"caught nothing in a long and distinguished career." This is the quality that attracts the attention of harassed "toxic as a crow" Dr Davidson (Michael Horden), who recognises
that this ability makes him the ideal candidate for NARSTI, the Atomic Space Project. Due to abusive letters from the public about the use of dogs, or monkey 'Mabel' for experimental rocket-shots,
they'll no longer "risk sending an animal into space," but less-controversially use an expendable human pathfinder instead!
There's chirpy 'Carry On' music, and occasional comedy woop-woop sound-effects to illustrate Blood's ineptitude in the gym. He voted Conservative, so 'no political bias' they quip - this is
pre-Margaret Thatcher, after all! The setting is quaint Midsomer Murders of English villages with steam-railway stations, and pubs called the 'Jolly Woodman', while Blood speeds around
the leafy lanes in a crazy three-wheeled Messerschmitt KR200. The sharp black-and-white film is packed to the seams with half-recognizable faces familiar from bit-parts on the small and big
Herbert in the Cold Research Room is played by Norman Bird, who would later appear in Nigel Kneale's playful First Men In The Moon (1964), as well as TVs The Avengers. The imposing
John Phillips as Professor Stephens was also in The Avengers... as well as Z Cars. Charles Gray - who plays Leo, Blood's rival in the pre-launch tests, would become a nastily sinister
'Blofeld' in Diamonds Are Forever (1971). And John Glyn-Jones is Dr Wilmot who reads a convincingly mocked-up hardback 'Man In Space', which closely resembles the kind of speculative science
books I used to read in the school library.
There are hi-jinx as Blood goes through a series of astronaut tests, deep-freeze cabinets - his thermos of tea freezes solid, a heat chamber - he boils an egg on the unit, centrifuge - "better
value than the Big Dipper," rocket sledge - "what a hell of a way to run a railway," and freefall weightless tests - "he can rise above the gravity of the situation," with
the cinema-trailer DVD-bonus chortling "when they turn up the heat, he's got them cold."
Tensions escalate when a 'Daily Sketch' cover-story announces Billy Butlin offering £10,000 to the first man to set foot on the Moon. Was this genuine? Butlin was the wealthy owner of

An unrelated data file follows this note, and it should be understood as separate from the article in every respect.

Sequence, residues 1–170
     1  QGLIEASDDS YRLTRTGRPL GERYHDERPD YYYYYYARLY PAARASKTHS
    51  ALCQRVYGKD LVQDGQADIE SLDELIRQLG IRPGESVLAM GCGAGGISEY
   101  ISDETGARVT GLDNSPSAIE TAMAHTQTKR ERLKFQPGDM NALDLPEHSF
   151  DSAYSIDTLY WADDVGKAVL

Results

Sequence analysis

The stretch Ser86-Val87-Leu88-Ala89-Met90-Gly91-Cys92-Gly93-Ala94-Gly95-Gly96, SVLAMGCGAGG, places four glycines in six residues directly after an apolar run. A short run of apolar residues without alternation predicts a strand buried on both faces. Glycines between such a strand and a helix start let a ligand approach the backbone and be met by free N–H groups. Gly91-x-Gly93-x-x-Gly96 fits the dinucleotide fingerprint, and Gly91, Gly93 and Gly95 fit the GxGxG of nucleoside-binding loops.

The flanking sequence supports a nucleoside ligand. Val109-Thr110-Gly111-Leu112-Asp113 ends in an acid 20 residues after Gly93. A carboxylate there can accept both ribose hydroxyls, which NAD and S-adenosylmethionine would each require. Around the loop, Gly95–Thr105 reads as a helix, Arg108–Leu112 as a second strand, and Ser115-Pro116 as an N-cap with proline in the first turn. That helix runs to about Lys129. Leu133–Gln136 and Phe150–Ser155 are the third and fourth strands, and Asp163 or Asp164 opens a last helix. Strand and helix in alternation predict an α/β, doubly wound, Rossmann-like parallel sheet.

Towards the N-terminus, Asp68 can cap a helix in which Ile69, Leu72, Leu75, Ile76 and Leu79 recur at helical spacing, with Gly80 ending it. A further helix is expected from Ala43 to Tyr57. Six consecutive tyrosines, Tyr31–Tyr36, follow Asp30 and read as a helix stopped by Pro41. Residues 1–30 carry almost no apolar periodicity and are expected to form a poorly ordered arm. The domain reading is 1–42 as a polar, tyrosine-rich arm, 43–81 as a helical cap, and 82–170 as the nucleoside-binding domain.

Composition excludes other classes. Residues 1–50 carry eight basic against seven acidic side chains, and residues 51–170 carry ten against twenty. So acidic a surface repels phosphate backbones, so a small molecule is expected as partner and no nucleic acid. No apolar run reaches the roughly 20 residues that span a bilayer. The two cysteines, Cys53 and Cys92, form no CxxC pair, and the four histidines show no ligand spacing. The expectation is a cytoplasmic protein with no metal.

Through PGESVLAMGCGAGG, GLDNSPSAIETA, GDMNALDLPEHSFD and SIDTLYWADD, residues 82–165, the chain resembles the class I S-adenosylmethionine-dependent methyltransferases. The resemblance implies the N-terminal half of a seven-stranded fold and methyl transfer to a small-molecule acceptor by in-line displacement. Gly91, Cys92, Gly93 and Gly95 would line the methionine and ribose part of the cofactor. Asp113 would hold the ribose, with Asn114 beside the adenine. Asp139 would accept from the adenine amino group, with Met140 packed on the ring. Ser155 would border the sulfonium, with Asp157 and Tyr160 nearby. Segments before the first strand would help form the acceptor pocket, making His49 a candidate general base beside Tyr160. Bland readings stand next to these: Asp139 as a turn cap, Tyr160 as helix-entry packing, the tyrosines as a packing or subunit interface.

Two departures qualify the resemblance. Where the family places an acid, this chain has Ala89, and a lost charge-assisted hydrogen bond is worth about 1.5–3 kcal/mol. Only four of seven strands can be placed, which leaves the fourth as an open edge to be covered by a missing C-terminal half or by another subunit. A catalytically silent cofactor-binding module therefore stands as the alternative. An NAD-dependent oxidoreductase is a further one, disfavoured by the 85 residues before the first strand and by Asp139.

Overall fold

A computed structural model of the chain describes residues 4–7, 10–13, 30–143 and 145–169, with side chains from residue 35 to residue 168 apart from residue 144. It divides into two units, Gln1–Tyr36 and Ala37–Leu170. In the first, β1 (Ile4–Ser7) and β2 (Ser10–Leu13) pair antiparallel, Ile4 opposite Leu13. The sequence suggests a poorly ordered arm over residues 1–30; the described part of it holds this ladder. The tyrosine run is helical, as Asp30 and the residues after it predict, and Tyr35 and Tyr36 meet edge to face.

the popular holiday camp chain. The 'Daily Sketch' is a real, but long-extinct tabloid. Did he ever make such an offer? Did he fork out when Neil Armstrong stomped all over the Sea of Tranquility?
Hi-De-Hi..? Anyway, this bribe leads to skullduggery and devious cunning as Leo attempts to sabotage Blood's tests, and comic bromance when he undergoes conditioning to reverse his hostility.
Then there's a BOAC flight to Woomera, a pause for tea and biscuits on the launch platform... and a 72-hour radio blackout during the trip to the Moon. And then his pratfall onto the lunar surface...
in Mare Imbrium, or is it?
At the risk of plot-spoiling, he finds a Heinz baked beans can, then a grizzled Aussie prospector on the desolate moon-like landscape, and it's obvious that the launch has simply returned him
to Earth. "I'm sorry chaps, it's back to the old drawing board," he tells the assembled scientists cheerily. Maybe there was a loss of nerve? Maybe an actual lunar sequence would
overbalance the comedy?
Because there are silly romantic capers to pursue, when Polly misses her step on the weir and falls into the stream, and they wind up chastely sharing the Cold Research brass bedstead in the
middle of the field... closing the narrative loop. And the previously independent free-spirited Polly suddenly devolves into stereotype 1950s domesticity. While Blood's previous marriage-averse
Experiment six: family planning. Three baby cots... experiment complete. If Man In The Moon can't quite make up its mind exactly what it wants to be - a wacky comedy, a romance, or that
new-fangled sci-fi stuff, the cinema audiences were equally divided. In attempting to cover all bases, it fails to totally succeed in any of them. Kenneth More would go on to make other, more
commercially remunerative, films. Shirley Anne Field managed to extricate herself from the blonde bimbo roles she was typecast into, and proved her abilities in more mature productions. While
this curious film remains an enjoyably light-hearted romp.